With the announcement of the Linux Foundation’s Let’s Encrypt project, the thought of migrating a website fully to the secure HTTPS protocol quickly, easily, and free of charge has passed from fantasy to reality. Accordingly, I’m sitting here scratching my head trying to dream up reasons why you still ought to hesitate to make this change on your site, or other considerations that you should mull over before pulling the trigger, and I’ve got bupkis. And now that our very own upbuild.io has taken the initiative, we’d be safe from charges of hypocrisy should we badger others to do likewise. So let the badgering begin!
Now, what do you actually stand to gain by doing this?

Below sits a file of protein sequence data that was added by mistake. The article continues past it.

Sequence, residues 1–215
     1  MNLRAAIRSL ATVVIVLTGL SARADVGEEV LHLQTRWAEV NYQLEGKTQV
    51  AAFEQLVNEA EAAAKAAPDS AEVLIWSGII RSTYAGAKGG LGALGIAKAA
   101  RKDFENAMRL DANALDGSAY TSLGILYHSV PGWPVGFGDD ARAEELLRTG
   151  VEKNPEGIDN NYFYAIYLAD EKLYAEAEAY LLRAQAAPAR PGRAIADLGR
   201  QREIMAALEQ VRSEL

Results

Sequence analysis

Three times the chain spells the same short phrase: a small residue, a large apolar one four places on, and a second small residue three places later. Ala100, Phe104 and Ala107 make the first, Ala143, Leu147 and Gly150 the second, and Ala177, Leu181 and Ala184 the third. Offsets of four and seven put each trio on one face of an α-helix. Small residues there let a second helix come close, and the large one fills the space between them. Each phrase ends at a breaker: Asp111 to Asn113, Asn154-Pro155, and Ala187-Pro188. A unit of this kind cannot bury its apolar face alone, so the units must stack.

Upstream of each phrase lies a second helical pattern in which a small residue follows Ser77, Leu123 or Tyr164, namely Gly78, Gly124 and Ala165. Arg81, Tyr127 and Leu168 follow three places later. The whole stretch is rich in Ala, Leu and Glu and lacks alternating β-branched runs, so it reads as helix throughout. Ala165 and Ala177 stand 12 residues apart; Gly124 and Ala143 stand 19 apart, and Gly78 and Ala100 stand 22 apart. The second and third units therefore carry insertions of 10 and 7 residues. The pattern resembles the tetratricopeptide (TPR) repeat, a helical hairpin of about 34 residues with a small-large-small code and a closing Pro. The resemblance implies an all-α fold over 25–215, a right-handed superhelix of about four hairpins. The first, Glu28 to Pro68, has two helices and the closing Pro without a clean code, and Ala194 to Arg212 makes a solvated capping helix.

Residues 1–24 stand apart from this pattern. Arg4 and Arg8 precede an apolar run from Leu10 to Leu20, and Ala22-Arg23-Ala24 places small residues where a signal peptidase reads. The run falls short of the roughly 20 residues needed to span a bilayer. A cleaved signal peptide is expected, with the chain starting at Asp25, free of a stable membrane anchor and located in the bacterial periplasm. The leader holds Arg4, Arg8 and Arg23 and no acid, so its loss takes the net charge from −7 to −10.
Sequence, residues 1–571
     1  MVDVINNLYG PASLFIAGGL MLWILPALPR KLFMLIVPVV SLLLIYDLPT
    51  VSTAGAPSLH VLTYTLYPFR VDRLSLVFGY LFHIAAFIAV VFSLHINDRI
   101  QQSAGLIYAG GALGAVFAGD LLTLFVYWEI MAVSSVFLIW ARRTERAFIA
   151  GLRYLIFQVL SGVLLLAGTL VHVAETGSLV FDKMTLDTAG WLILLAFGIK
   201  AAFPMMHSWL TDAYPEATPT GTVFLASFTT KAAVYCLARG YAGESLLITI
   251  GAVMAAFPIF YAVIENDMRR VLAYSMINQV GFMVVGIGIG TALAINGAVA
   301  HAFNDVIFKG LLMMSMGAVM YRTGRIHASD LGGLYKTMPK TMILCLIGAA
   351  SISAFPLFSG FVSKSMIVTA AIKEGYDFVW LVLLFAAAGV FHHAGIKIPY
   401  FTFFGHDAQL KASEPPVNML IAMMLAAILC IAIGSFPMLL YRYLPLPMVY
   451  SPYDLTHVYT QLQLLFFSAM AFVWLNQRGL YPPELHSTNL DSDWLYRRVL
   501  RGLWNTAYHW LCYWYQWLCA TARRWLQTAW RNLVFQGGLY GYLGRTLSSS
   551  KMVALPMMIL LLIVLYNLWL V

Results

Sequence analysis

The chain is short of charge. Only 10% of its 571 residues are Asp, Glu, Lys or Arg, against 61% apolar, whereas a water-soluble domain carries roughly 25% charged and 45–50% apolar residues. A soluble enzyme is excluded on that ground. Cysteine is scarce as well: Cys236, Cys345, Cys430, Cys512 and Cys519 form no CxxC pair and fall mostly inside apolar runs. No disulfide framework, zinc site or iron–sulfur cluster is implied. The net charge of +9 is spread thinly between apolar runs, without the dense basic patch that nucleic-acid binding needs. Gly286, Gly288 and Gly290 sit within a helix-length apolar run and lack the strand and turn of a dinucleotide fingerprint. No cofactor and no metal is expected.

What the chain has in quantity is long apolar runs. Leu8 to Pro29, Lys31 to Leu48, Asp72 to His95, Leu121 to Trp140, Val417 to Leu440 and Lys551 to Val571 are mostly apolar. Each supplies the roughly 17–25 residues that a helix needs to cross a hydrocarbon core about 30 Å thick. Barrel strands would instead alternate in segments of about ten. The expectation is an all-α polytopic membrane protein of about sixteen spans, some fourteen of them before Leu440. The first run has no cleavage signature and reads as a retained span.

- HTTPS provides greater user security. HTTPS distinguishes itself from HTTP primarily by transmitting data over the Secure Sockets Layer (SSL).This ensures that the data being transmitted are encrypted throughout transmission and decrypted only upon receipt either by the site’s server or by the user’s browser, making it impossible for any third party to intercept them. It also provides trustworthy server authentication, complete with certification that hackers cannot spoof, such that concerned users can be certain they are talking to the right server. Sites that straddle the threshold, making some pages available only in HTTP and others only available in HTTPS — and even sites that present all their HTML documents in HTTPS but that load other resources (such as JS or CSS files) over HTTP or by way of an unsecured CDN — are eternally at risk of sensitive user information being exposed. Making the whole site accessible exclusively in HTTPS is the simplest protection against this risk. Read this essay from the Electronic Frontier Foundation for the clearest rigorous explanation of HTTPS available on the web.